Produce independent writing with standard word order, and subject-verb agreement.

Use content-area vocabulary in the writing process.

Develop a variety of products (e.g., short stories, letters, simple poems, descriptions, narratives,

expository writing and journal entries).
Early Advanced

Produce independent writing using conventional grammatical forms.
Advanced

Produce writing that demonstrates a command of the standard conventions of English.

Develop personal expression or voice to organize ideas in order to write a comprehensible story or essay.
K-5 Benchmark III-A: Use language, literature and media to gain and demonstrate awareness of cultures around the world.

Beginning

Listen to, respond to and read literature from various cultures and regions.

Relate myth/story characters, events and themes to one’s own life experiences.
Early intermediate

Identify and compare characters and simple story lines.

Identify characteristics common to members of various world cultures (e.g., language, dress, food,

traditions, homes, etc..).

Demonstrate how similar themes are represented by different versions of stories from many cultures

(e.g., Cinderella, etc.).
Intermediate

Examine and discuss the reasons for a character’s actions.

Consider a situation or problem from various points of view.
Early Advanced

Read literature that reinforces specific themes or genres.

Use language and media to make connections between one’s own experiences and the experiences of others.

Create and participate in responses to a variety of literature and media (e.g., local stories, stories about

local culture and history).
Advanced

Use language and media to make connections between one’s own experiences and the experiences

of others (e.g., local stories, stories about local culture, history).

Read grade-level materials and make contributions to discussions and related activities.
K-5 Benchmark III-B: Identify and use the types of literature according to their purpose and function.

Beginning

Preview and read various types of literary selections.

Demonstrate familiarity with particular types of books and materials (e.g., picture story books, caption

books, comics, chapter books, short informational texts, nursery rhymes, plays, fairy tales, folk tales etc.).

Participate in all content-area studies with appropriate scaffolding, vocabulary development, use of

concrete materials and other media.
Early intermediate

Demonstrate understanding of sequence and characterization in a story (e.g., act out, draw, write, talk).

Identify the use of rhythm, rhyme and alliteration in writing.
Intermediate

Read and create a variety of texts, including fiction (short stories, novels, fantasies, fairy tales, fables),

non- fiction (biographies, letters, articles and essays), poetry and drama (role play, skits, plays).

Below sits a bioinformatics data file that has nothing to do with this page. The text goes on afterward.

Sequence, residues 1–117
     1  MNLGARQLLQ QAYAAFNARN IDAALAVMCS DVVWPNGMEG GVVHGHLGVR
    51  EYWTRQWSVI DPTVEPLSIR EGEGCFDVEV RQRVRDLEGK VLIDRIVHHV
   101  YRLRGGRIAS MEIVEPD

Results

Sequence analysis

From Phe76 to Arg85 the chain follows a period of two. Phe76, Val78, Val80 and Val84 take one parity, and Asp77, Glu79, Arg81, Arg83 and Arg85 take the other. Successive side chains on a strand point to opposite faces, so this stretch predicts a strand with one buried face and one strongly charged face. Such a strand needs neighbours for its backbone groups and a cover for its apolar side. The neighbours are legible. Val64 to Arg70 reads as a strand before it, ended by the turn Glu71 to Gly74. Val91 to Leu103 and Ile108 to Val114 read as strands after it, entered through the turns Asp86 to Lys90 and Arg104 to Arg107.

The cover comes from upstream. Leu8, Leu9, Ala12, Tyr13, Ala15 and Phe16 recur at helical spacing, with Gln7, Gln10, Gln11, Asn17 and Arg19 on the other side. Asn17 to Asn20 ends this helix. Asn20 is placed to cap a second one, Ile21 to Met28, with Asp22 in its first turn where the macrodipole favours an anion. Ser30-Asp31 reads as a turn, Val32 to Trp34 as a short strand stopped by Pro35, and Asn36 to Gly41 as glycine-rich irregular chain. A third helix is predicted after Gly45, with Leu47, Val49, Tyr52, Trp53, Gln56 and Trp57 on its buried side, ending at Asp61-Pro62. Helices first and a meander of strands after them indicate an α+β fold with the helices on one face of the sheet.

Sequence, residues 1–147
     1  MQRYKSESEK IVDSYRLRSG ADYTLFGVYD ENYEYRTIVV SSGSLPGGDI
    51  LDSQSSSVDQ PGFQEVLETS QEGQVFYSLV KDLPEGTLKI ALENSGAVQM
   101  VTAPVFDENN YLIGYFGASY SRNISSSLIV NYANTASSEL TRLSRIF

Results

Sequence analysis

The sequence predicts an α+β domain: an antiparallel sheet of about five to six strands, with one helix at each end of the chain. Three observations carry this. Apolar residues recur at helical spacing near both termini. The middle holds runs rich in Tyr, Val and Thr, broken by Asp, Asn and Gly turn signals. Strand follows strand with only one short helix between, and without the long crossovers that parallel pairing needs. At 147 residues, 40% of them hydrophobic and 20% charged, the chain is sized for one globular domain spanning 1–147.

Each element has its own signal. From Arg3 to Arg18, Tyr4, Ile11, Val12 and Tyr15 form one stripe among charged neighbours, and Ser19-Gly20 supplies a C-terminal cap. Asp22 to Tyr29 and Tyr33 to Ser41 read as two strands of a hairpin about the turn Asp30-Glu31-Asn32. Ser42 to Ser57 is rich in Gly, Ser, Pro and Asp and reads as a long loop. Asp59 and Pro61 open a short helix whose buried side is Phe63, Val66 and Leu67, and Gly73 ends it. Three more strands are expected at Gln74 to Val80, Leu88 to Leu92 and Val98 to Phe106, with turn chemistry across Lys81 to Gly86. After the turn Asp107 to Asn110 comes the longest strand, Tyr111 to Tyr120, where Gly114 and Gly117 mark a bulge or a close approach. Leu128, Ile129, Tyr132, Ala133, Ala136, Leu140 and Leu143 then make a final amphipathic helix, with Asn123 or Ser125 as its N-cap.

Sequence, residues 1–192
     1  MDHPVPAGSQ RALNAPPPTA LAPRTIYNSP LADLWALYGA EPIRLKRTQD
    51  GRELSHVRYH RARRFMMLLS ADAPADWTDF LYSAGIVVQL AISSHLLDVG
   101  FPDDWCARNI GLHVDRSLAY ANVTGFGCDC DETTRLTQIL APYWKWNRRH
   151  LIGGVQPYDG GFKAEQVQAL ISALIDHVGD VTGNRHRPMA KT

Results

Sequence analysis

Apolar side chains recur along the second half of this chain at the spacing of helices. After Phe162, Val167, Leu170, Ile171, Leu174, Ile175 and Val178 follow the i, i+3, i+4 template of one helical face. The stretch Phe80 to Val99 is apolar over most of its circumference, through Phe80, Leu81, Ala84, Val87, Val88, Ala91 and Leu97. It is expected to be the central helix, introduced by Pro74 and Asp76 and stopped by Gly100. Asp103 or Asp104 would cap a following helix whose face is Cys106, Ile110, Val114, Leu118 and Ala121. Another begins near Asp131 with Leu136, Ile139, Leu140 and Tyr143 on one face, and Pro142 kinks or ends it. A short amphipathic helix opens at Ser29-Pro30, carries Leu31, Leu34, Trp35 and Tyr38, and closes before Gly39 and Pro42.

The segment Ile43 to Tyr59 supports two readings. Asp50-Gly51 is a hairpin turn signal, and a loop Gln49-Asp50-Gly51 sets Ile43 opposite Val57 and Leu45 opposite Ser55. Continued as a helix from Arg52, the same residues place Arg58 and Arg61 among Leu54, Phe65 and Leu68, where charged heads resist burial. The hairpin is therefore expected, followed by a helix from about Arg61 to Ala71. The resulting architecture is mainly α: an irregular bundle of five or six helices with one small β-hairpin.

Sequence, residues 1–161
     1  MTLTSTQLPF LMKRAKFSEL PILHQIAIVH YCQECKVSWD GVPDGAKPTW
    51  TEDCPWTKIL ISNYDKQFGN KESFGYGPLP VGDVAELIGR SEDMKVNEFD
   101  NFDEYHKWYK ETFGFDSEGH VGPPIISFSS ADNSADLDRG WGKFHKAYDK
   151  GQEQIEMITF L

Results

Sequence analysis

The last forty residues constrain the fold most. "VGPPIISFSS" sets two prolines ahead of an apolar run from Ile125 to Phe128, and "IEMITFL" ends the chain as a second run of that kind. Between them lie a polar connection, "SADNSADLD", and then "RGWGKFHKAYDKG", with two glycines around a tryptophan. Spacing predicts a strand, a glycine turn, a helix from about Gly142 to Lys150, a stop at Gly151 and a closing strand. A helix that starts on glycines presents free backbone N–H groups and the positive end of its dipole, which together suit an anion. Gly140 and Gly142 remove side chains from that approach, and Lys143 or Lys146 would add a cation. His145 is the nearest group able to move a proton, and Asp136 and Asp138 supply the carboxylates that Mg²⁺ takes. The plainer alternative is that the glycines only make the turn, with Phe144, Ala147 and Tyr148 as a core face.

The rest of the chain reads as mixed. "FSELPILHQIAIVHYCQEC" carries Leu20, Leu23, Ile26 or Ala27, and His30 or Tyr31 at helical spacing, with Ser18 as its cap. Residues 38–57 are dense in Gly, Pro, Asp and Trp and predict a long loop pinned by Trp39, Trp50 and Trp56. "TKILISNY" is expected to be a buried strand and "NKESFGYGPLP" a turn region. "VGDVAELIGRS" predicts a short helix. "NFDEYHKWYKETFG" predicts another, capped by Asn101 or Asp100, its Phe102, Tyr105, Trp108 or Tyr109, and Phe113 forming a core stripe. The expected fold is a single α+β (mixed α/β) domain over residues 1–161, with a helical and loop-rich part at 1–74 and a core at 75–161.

Respond to creative works through various media presentations.
Early Advanced

Participate in discussions about literature.
Advanced

Develop an understanding of literature as a means of communication, recreation and information.

Use the information gathered from literature to present, write or demonstrate concepts or ideas learned.

V. Vocabulary

General: el hábitat, el organismo, el ser vivo, la característica, la locomoción, la cría, la dieta, el oxígeno, temporaria, permanente

Plantas: el tronco, la hoja, el cono, la aguja, la raíz, la flor, el tallo, la espina

Humanos: el pelo, la oreja, el ojo, la nariz, la caja, las pestañas, los labios, los dientes, el hombro, el brazo, el codo, la cintura, la mano, el dedo, la pierna, la rodilla, el pie, el cerebro, los pulmones, el estómago, el corazón

Animales: el pico, el ala, el pelaje, la pata, la zarpa, la aleta, la cola, la branquia, la pluma, el gatito, el cachorrito, el potrillo, el patito, el pescadito, el renacuajo, la tortuguita, la culebrita

Accidentes geográficas/ Características de la Tierra: la isla, la montaña, el río, el océano, el lago, la costa, el riachuelo, el desierto, el bosque, la granja
Direcciones: el norte, el sur, el oeste, el este
Verbos: correr, volar, vivir, nadar, trepar, cuidar, cultivar, nacer, soplar, aullar, saltar, anidar
Frases preposicionales: en, arriba de, debajo de, alrededor de, a lado de, cerca de
VI. RESOURCES AND MATERIALS

Non-Fiction

National Geographic – Libro de conceptos series, Ventanas a la lectoescritura series

(Una rana tiene la lengua pegajosa – especially pertinent)

Newbridge – Descubrimientos series

Rigby

Seuss, Dr. Dr. Suess’s ABCs: An Amazing Alphabet Book!
Fiction

Mora, P. Oye al desierto/ Listen to the Desert

Different versions of The Three Little Pigs:

Bas, M. and P. Joan- Los tres cerditos/ The Three Little Pigs

Geist, K. and J. Gorton – Los tres pececitos y el tiburón feroz/ The Three Little Fish and the Big Bad

Shark

Artell, M. – Three Little Cajun Pigs

Lowell, S. – Los tres pequeños jabalíes/ The Thee Little Javelinas

Marshall, J. – The Three Little Pigs

Trivizas, E. and H. Oxenbury – Los tres lobitos y el cochino feroz/ The Three Little Wolves and the Big

Bad Pig

Scieszka, J. – La verdadera historia de los tres cerditos/ True Story of the Three Little Pigs